On a recent Qantas flight back to Australia, I was contemplating a few of my goals that I wanted to achieve during the short amount of time I was back in my motherland.
Certainly, seeing family was high up on my list, however, I found myself musing over the foods that I wanted to eat that were not available to me in the USA. Before I knew it I was feverishly scratching a list (ironically the back of a sick bag) of Aussie culinary treats that I had sorely missed. Meat pies, sausage rolls and cream and jam donuts obtained the gold, silver and bronze placing, however pasties, strawberry Freddo Frogs and Milo were also lip smacking favorites.
Within 30 minutes of touching down, I found myself in a shopping mall, sitting in a food court across the table from a classic Australian icon; a meat pie floater. As if freshly minced beef and gravy wrapped in a cocoon of flaky pastry wasn’t enough to tantalize your taste buds, this pie was topped with mushy peas, mashed potato, and was soaking in a bath of brown gravy. It looked as good as I knew it was going to taste, and I had to hold back the tears in front of my fellow diners before enjoying every last bite.
As I wiped the last trickle of gravy from my chin (and my shirt) I thought to myself, why hasn’t the meat pie taken a hold of the American consumer? In fact, I have had swarms of Aussie’s tell me I should open up a pie shop in Missouri.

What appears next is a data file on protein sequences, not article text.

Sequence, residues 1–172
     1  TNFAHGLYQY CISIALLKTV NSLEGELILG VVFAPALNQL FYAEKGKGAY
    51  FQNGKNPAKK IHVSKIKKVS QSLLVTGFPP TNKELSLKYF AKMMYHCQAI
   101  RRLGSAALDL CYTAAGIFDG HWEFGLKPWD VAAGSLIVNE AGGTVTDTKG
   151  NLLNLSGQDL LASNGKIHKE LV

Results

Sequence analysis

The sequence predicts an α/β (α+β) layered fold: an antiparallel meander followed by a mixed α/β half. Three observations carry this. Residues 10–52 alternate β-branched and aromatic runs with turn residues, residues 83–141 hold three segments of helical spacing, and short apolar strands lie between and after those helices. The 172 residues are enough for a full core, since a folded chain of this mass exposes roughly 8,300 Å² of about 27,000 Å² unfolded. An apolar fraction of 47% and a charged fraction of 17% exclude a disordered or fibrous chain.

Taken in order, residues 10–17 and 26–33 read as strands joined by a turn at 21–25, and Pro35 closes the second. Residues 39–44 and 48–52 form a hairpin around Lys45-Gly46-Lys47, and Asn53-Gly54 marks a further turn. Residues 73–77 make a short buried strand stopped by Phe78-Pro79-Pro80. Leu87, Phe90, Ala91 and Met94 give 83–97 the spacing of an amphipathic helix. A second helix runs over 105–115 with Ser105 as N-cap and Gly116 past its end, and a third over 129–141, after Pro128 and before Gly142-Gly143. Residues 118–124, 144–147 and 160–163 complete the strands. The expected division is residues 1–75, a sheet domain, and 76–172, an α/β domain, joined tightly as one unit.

I mean, they eat all sorts of foods right? I had eaten everything from deep fried snickers at the Upper Peninsula State Fair to warm grits in Arkansas.
This being the case, I had heard of a couple of pie places that had tried and failed. Why is it that some tastes become so successful and others are destined to fail? In fact, while I was at the show in Sydney, I came across a gelato case with a pan of Vegemite gelato. Now if the “Aussie Pie Shop” concept wasn’t going to fly in the US, Vegemite Gelato wouldn’t stand a chance.
So why do some flavors and combinations fly to great culinary heights and others flop? Why do certain taste profiles always stay popular in certain areas or with certain demographics and others that in your personal opinion should win a Michelin Star, sit in the case for weeks on end untouched?
Well a recent article in the Washington Post nominated 5 reasons why people are influenced to one side or the other when it comes to taste preference. These “influencers” are important for you, as an ice cream maker / purveyor to understand and utilize in the process of developing, making and marketing flavors.
People from regional areas and bloodlines can experience flavors differently, in particular bitter or unpleasant aromas or flavors. “Almost everyone lacks the ability to detect at least one scent, meaning that the chemical that gives truffles their distinctive odor might strike you as either offensive or earthy. Or you might be among the 25% who can’t smell it at all.”
The old gag about having a dog that didn’t have a nose always gets good traction. “How did he smell?” you ask. Terrible!!
You may know someone, perhaps a family member or a personal friend that has issues smelling or tasting certain foods or odors. Hey, in some circumstances, this is a blessing – believe me.
There aren’t too many foods that I won’t eat, but avocado and carrot cake are two that I will not touch with a 10 foot pole. The avocado story isn’t too interesting, but let me share a carrot cake tale.